While we were busy shouting our lung’s hoarse for women’s security, the devil has found another target…… softer and even more precious.

It all started with security concerns for seniors more than a decade ago. Women were always at risk (it seems) but now they are defiant!! But children …… innocent and defenseless are the latest prey of an urban environment which is breeding and propagating crime.

Yes, the statement above is shocking, as it is revulsive. As an architect researching into the design relationship with ‘security and crime’, there is enough evidence and theory backing up this claim.

There are theories being practiced across the developed world that have established the link between an urban environment, its spatial quality and the incidence of crime therein. A casual analysis of our imminent surroundings and application of these inexpensive techniques spontaneously highlights where we are lacking.

And yet, we are not even looking. We are looking everywhere else, enhancing the security guards (known to be a threat themselves) and the mechanical devices (dependent on the manning at work) but not able to identify the contributory culprit. We are not aware of this relationship, neither are our designers nor the administrators.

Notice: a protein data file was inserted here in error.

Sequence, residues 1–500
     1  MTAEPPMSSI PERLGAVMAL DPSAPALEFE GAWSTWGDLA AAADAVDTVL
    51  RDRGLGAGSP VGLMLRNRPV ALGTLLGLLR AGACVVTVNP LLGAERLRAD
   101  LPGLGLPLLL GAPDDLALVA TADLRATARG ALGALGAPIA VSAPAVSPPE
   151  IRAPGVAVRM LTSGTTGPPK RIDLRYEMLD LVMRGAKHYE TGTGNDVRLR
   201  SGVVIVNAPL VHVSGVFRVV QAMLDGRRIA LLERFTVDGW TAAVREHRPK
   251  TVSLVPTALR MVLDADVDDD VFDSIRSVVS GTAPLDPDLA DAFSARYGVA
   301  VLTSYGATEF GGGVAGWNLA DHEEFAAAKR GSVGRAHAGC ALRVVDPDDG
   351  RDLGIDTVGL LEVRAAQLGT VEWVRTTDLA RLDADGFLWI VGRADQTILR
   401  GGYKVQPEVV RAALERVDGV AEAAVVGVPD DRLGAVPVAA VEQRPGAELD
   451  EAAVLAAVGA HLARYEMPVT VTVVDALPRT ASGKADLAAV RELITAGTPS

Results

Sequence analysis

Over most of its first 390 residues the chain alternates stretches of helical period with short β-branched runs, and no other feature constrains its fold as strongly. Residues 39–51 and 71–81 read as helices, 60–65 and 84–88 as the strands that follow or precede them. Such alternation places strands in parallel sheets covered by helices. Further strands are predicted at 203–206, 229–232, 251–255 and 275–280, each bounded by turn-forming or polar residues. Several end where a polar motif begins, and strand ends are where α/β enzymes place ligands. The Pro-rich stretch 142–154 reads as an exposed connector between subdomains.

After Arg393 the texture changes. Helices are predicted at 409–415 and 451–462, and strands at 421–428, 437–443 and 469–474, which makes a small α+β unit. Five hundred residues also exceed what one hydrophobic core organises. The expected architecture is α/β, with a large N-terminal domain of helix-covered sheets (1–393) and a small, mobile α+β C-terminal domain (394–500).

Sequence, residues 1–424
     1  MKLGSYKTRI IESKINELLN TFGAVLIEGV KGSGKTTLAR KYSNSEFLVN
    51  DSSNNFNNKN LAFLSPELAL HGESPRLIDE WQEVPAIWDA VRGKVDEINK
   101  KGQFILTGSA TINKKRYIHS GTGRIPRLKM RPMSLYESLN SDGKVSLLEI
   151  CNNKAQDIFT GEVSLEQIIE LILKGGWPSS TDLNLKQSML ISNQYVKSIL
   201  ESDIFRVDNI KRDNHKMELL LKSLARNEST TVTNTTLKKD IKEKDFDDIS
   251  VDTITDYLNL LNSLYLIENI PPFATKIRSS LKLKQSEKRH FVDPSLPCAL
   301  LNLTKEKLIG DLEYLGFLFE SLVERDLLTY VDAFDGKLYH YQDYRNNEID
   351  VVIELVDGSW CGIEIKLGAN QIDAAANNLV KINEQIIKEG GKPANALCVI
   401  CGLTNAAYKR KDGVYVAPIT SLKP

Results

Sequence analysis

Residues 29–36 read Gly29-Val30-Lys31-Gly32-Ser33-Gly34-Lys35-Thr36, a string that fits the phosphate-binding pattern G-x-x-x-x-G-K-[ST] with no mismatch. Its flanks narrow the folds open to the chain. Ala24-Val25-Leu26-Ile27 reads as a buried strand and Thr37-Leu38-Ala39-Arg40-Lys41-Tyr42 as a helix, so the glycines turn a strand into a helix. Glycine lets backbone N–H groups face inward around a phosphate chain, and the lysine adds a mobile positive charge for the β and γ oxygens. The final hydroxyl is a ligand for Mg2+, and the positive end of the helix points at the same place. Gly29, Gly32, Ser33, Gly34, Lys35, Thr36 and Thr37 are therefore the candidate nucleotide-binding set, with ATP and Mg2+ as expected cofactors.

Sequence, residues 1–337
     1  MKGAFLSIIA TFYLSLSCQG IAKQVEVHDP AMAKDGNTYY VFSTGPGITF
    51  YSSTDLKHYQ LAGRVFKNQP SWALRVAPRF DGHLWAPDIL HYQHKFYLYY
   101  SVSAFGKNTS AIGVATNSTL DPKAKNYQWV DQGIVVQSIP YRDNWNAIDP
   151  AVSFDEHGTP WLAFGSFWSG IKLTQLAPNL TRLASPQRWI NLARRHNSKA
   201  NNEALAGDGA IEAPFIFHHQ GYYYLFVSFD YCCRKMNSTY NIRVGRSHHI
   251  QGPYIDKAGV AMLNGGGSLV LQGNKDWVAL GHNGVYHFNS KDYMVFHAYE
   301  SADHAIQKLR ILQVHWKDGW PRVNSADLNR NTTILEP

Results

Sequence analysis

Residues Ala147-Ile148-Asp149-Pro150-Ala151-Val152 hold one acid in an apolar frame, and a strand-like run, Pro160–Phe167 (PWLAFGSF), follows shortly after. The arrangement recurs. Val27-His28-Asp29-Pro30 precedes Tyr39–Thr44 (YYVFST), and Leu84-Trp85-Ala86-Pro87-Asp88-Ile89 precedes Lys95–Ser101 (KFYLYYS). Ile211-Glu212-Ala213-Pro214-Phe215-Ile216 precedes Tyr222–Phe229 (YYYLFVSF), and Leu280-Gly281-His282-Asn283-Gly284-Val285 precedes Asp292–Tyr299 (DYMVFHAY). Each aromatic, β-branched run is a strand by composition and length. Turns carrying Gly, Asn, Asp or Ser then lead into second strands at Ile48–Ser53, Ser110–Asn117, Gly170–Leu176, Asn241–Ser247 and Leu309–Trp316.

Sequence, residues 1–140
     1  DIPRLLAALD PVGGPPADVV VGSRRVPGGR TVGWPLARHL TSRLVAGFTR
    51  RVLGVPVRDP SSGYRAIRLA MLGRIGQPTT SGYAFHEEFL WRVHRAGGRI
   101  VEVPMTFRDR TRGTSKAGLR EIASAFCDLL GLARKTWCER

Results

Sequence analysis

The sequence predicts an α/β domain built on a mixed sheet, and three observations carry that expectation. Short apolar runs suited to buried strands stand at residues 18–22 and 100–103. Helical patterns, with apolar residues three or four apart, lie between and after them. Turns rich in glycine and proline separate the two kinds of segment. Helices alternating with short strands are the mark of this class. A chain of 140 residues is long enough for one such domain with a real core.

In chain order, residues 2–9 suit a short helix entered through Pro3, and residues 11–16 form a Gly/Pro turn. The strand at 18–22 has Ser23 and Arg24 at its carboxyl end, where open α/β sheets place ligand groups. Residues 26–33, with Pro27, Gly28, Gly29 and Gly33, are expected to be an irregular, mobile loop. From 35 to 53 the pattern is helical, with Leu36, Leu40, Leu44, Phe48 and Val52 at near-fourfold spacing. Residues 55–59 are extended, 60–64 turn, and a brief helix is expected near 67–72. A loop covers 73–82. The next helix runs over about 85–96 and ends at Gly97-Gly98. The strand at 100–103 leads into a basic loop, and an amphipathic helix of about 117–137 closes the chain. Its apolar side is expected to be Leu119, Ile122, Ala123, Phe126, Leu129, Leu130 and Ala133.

It is really nobody’s fault because we all don’t know. The theories being practiced in the west since more than 40 years are not new to our psycho-social framework. Previously, they were steeped in our tradition, now we need to resurrect them. It’s high time we rescued our cities from the clutches of ‘crime’ and more importantly its underlying ‘terror’.

‘Secure by Design’ or CPTED (Crime prevention through environmental design) is one such technique found to be very effective, especially in the context of the kind of crimes our megacity is witnessing. Infact, in the US, these theories form the basis for regulations and guidelines for the design of schools, retail environments and other such public applications.

Though it may not be as well known in our country by this name, it is now included as part of the architectural curriculum at SPA. It has also recently been introduced at some conferences by the police departments across the country. The author (completing her doctorate in the ‘architectural integration of security’), believes that its knowledge and application in our urban environment can add metal to the city’s drive against these ghastly crimes.